With the popularity of crime dramas like CSI focusing on forensic science, and increasing numbers of police and prosecutors making wide-spread use of DNA, high-tech science seems to have become the handmaiden of law enforcement. But this is a myth, asserts law professor and nationally known expert on police profiling David A. Harris. In fact, most of law enforcement does not embrace scienceait rejects it instead, resisting it vigorously. The question at the heart of this book is why. ArAr Eyewitness identifications procedures using simultaneous lineupsashowing the witness six persons together, as police have traditionally doneaproduces a significant number of incorrect identifications. ArAr Interrogations that include threats of harsh penalties and untruths about the existence of evidence proving the suspectas guilt significantly increase the prospect of an innocent person confessing falsely. ArAr Fingerprint matching does not use probability calculations based on collected and standardized data to generate conclusions, but rather human interpretation and judgment.Examiners generally claim a zero rate of error a an untenable claim in the face of publicly known errors by the best examiners in the U.S. Failed Evidence explores the real reasons that police and prosecutors resist scientific change, and it lays out a concrete plan to bring law enforcement into the scientific present. Written in a crisp and engaging style, free of legal and scientific jargon, Failed Evidence will explain to police and prosecutors, political leaders and policy makers, as well as other experts and anyone else who cares about how law enforcement does its job, where we should go from here. Because only if we understand why law enforcement resists science will we be able to break through this resistance and convince police and prosecutors to rely on the best that science has to offer. Justice demands no less. Visit the author's blog here.But Pinellas County sherifl Everett Rice saw no problem and no need to change police procedures. The fact that the errors ... When mistakes occur, aita#39;s the defendanta#39;s attorneya#39;s job to find these things out.a In Georgia, even in the face of five exonerations based on DNA in her state, 38 all based in whole or in part on eyewitness misidentification, District Attorney Gwendolyn Keyes Fleming of DeKalb County resisted the need for any legislation requiring better eyewitness identificationanbsp;...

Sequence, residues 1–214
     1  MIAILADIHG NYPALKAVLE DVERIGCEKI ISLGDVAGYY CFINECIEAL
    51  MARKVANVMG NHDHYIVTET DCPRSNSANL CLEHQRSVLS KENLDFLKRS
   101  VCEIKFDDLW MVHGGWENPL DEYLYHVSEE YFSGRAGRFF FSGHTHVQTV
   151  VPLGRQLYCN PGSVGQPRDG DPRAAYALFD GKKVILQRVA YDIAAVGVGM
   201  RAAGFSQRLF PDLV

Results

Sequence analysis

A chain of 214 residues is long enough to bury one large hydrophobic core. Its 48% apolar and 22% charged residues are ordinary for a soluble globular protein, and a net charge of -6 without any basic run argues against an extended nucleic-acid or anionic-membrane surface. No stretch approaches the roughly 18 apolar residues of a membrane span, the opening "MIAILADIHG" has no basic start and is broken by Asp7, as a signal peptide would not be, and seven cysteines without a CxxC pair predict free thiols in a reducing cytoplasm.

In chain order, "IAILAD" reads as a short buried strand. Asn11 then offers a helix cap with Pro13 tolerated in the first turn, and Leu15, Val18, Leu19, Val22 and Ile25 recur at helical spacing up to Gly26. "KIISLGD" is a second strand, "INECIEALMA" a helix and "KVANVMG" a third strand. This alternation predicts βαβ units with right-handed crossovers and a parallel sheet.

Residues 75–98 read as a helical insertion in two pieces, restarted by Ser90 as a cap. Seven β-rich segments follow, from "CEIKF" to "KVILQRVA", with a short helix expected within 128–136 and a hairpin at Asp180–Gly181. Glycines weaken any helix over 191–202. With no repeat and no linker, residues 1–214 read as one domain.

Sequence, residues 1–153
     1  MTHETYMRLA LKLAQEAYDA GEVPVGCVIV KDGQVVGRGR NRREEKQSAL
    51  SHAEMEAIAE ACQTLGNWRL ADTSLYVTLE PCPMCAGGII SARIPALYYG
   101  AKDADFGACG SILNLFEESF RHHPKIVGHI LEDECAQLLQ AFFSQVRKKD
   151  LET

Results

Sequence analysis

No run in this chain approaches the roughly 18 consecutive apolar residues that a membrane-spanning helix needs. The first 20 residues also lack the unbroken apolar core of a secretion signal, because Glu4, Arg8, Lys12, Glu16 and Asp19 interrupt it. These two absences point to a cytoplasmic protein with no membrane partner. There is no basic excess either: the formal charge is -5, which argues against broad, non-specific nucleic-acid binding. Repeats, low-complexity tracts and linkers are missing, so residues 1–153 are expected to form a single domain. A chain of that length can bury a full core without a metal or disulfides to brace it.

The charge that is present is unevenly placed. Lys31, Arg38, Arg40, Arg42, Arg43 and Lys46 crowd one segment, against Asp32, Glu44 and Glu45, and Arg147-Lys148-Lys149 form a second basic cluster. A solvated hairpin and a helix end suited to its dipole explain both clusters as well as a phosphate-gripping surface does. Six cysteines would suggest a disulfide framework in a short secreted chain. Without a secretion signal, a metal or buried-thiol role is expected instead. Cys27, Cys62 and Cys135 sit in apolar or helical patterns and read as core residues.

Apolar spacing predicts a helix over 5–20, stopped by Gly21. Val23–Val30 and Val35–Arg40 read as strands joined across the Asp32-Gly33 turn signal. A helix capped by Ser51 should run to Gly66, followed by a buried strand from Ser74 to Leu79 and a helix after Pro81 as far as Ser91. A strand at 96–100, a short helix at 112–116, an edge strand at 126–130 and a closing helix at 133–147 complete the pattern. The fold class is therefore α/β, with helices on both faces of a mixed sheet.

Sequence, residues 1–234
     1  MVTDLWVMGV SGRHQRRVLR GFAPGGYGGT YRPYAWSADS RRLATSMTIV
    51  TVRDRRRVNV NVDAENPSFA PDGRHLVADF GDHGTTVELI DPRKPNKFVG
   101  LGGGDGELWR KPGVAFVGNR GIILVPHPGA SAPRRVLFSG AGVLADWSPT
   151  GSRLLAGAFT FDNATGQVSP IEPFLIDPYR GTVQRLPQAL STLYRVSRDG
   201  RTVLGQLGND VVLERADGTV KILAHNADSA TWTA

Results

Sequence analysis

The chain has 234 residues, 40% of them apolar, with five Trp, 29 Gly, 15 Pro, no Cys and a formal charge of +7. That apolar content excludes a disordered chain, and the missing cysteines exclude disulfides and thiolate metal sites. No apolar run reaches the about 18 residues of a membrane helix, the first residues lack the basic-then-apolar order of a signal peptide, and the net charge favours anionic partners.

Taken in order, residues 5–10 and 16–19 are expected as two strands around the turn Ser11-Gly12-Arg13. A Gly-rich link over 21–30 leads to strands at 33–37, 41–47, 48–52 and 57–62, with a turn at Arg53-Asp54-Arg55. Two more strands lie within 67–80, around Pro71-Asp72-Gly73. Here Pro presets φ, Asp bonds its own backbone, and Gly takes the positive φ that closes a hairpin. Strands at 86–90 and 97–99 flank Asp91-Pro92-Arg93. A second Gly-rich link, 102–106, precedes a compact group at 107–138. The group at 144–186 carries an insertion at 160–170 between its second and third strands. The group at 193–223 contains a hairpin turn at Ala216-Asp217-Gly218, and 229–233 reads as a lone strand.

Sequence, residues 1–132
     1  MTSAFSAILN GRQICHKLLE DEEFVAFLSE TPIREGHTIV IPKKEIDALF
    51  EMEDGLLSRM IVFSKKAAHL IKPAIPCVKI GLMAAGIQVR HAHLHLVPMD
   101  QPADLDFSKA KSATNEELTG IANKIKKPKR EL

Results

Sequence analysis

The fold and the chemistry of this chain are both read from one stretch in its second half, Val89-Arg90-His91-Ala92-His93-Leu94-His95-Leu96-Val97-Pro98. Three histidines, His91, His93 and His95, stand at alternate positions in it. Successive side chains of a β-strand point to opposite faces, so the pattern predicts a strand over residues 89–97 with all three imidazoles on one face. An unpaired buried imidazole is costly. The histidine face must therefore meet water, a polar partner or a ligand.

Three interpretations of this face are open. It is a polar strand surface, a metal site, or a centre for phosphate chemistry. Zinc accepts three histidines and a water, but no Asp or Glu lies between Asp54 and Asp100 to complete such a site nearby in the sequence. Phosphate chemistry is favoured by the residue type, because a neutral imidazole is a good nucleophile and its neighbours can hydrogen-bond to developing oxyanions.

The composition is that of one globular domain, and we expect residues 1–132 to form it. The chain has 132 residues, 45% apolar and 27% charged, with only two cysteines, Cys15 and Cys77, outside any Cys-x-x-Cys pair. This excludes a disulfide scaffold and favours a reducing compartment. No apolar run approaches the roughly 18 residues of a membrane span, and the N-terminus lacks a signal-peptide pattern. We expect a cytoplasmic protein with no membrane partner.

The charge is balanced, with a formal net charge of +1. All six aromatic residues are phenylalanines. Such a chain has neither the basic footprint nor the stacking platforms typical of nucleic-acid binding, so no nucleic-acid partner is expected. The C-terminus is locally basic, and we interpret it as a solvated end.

|Author||:||David A. Harris|
|Publisher||:||NYU Press - 2012-09-03|